Looking back, I’ve always tried to write. Sometimes, I attempted to write stories. I spent quite a bit of ink in high school trying to write an epic novel about a bunch of teenagers who get transported to another world where they have to fight a fantasy war against an evil sorcerer. It was bad.
Sometimes my writing took the form of letters, most unsent. They were tools for working out my teenage and college angst. I even tried to write out some of my experiences in a prosaic format in what amounted to an attempt to get my bearings in the story that is my life.
When I’ve had something critically important to say, I turn to written words. When I had to confront a boss, I did it in writing. On two different occasions, when the time came to offer my love to a woman, I used letters. Both letters, by the way, were met with the expected response and one ultimately led to my marriage to Alissa. (Can’t argue with results, huh?).
As much as the written word has acted as a sort of Pensieve that allows me to work out my thoughts, I’ve also dabbled in fiction. It started as writing back stories for roleplaying game characters. Interestingly, I used a couple of back stories to start my first (never completed) attempt at National Novel Writing Month. I like the starts that I got, but both characters happened to be female and I don’t think I’m a strong enough writer to carry a novel-length story with a female protagonist, at least not yet.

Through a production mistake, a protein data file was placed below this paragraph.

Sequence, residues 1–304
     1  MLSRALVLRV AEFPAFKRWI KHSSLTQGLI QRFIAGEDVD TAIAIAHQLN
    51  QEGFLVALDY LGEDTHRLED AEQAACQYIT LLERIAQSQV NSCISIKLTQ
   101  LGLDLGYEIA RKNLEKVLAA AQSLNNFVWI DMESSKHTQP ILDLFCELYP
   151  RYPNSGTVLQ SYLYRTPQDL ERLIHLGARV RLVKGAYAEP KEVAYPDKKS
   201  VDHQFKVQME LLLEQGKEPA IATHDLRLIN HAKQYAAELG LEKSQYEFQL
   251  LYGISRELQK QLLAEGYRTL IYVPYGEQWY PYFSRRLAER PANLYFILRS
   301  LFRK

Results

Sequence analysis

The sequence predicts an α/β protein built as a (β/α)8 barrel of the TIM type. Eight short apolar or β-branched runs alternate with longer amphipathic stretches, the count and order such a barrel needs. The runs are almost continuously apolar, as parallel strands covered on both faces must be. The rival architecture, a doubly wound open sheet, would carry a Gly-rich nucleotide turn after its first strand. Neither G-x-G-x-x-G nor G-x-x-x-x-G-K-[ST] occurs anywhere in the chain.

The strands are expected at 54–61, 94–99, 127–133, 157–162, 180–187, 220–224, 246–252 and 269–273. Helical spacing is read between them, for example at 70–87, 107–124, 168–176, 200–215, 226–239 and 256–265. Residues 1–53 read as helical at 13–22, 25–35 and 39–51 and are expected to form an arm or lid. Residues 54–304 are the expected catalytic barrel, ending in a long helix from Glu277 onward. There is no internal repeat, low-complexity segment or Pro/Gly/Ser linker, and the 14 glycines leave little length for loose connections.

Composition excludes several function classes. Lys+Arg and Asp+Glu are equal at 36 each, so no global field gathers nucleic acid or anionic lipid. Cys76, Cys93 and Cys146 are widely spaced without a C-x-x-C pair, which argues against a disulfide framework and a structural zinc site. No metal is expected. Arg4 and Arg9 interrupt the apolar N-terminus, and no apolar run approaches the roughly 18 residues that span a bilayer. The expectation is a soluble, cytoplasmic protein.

Then, last year, Alissa suggested that I just write what I know. So I did. I started one story, and that inspired another, which in turn inspired a third. I don’t know what I’m going to do with these stories. They’re reflections on my formative high school and college years. I’m not sure why, except I’ve hit a stage in life where there’s plenty to look back at. Moreover, my kids, as they grow and develop in their own ways cause me to look forward to what is ahead for them and back at my own experiences.
Here’s the funny thing. It took me a long time to realize something when trying to write what I know.
I can make the story fiction. I can tell the story that makes sense from a narrative point without the constraints of what actually happened. It seems like a silly revelation, but there it is.
I don’t know if the fiction I’m working on is ever going to see the light of day, but it’s fun to work on them even if only as an exercise.